A developer may, on application for the opening of a sectional title register, reserve the right to extend the scheme in terms of Section 25(1) of the Sectional Titles Act 95 of 1986 (the ‘Act’). The developer is required to stipulate the period for which he requires the right to complete the extensions. The Act does not impose any limitations in relation to this period and the developer is at liberty to reserve a period to meet his requirements. If, however, the period for which the right of extension was reserved lapses by an effluxion of time, can a developer apply to a court for the extension of the said period?
In the case of SP & C Catering Investments (Pty) Ltd v The Body Corporate of Waterfront Mews and Others, the Appellant (developer) applied to the North Gauteng High Court for an order extending the period the Appellant was entitled to, in order to complete extensions to the Waterfront sectional title scheme. At the time of reserving the right to extend the scheme, the Appellant, by his own election, elected a period of 10 years, which had lapsed. The High Court dismissed the application on the grounds that it did not have jurisdiction to grant such an extension.
On appeal, the Appellant argued that the expiry of the right to extend the scheme and the automatic vesting of such right in the body corporate amounted to a deprivation of property, in violation of the Section 25 of the Constitution. The Appellant further argued that Section 25(13) of the Act applies equally to a developer, where his circumstances have changed, through no fault of his own, he is entitled to apply to the Court for relief in the form of an extension of the period of the reserved right.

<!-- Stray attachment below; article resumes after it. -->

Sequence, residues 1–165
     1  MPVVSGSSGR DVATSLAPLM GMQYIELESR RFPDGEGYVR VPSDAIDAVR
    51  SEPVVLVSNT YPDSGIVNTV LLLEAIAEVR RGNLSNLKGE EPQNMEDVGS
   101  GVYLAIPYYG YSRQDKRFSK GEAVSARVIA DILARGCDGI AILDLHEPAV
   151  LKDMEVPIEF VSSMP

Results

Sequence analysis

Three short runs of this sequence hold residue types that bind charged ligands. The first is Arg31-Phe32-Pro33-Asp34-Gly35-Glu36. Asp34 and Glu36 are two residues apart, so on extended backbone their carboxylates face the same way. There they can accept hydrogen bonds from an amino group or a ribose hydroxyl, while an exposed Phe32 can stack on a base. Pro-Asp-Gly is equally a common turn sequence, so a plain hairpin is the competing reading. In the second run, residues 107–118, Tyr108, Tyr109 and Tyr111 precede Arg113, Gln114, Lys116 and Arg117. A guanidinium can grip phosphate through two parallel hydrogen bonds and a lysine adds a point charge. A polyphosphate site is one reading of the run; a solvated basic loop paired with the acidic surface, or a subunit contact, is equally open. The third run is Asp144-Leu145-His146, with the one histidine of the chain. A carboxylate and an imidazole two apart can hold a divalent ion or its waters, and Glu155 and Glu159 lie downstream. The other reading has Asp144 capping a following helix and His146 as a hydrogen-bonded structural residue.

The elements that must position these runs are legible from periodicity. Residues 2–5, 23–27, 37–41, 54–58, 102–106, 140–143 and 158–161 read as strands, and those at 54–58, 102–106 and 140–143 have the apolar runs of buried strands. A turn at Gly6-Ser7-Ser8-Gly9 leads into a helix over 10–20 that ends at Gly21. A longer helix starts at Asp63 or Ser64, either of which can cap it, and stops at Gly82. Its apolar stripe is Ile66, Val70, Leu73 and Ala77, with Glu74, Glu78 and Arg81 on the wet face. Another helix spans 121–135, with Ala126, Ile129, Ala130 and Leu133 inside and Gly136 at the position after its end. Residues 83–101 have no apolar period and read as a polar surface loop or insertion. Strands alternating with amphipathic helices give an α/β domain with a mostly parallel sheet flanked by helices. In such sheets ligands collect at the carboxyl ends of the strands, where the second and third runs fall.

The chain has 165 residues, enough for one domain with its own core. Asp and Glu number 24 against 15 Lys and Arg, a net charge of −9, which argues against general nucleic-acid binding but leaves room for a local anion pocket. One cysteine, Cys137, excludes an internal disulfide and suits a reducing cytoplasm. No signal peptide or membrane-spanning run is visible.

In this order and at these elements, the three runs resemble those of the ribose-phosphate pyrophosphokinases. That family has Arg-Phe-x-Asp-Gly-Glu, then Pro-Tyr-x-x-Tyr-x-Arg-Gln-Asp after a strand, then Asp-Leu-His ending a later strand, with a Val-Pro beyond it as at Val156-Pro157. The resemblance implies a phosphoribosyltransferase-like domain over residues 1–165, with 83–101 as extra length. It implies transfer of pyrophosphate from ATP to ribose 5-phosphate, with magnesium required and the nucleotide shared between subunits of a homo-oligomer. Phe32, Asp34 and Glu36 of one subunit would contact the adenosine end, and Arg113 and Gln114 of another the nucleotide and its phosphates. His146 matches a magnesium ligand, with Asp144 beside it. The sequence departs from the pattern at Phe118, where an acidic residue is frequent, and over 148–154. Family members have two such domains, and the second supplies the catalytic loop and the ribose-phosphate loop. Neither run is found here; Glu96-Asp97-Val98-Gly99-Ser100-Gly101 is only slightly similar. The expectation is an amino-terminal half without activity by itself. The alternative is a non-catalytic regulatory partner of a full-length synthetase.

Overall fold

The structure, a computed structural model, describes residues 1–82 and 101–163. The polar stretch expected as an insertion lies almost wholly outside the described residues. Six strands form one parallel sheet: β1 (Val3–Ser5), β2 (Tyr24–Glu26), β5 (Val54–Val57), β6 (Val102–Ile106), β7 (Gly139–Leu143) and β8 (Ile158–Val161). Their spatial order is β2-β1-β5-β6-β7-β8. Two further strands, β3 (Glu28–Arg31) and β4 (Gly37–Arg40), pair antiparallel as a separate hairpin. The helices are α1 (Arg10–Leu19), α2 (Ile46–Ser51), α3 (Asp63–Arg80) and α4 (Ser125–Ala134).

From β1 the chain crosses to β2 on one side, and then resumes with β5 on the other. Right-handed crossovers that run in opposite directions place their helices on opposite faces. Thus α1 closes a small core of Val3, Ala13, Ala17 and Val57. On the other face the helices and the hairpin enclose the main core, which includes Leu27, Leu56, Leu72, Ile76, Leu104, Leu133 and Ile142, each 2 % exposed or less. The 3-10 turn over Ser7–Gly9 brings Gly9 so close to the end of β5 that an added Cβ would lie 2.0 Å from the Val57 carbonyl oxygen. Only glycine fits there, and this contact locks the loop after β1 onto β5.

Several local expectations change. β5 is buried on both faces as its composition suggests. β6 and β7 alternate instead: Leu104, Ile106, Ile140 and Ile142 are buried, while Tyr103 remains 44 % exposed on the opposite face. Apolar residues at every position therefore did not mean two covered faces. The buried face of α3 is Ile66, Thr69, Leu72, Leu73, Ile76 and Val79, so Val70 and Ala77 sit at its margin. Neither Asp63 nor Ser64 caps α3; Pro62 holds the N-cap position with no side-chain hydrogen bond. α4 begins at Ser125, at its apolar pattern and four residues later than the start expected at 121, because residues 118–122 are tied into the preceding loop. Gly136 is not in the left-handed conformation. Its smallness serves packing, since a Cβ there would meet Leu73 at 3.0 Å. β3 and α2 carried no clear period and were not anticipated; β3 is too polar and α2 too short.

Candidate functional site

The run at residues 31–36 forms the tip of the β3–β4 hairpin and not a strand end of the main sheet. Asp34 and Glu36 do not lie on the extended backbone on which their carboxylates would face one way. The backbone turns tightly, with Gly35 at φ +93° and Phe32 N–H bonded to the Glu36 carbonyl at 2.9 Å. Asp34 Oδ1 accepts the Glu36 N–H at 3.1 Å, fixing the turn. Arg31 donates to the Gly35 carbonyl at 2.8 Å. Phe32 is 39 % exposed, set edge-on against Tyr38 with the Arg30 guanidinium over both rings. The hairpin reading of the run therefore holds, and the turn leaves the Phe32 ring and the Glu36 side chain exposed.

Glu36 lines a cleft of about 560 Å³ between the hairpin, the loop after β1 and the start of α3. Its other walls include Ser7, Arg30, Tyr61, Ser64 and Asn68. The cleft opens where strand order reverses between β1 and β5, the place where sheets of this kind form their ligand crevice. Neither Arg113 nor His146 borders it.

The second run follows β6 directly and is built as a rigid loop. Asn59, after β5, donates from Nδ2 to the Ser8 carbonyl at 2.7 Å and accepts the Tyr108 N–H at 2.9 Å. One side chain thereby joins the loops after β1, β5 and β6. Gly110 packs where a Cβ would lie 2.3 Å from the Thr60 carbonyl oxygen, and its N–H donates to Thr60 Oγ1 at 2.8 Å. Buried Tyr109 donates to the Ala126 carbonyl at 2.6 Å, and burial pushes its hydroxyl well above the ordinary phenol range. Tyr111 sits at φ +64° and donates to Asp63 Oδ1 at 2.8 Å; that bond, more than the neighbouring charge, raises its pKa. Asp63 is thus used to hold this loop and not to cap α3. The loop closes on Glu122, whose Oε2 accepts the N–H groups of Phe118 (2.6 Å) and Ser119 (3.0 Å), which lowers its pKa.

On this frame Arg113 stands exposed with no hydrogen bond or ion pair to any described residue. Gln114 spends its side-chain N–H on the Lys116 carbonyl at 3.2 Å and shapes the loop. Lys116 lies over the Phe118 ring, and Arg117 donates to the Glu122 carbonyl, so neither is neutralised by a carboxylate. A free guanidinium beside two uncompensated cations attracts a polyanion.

The Supreme Court of Appeal dismissed the Appellant’s argument regarding Section 25(13) of the Act and held that the aforesaid provision was designed to enable unit owners in the scheme to enforce compliance by the developer with the specifications of the scheme. The Court reasoned that the developer himself states the period for which a right of extension exists, and therefore the lapsing of the right does not amount to a deprivation of property, as envisaged in the Constitution.
The appeal was dismissed on the basis that the Court does not have any inherent or statutory power to extend the right.
The aforesaid decision is an important reminder for developers to take cognisance of the period reserved for the extension of a scheme, as the Courts have no jurisdiction to extend the period once the right has lapsed.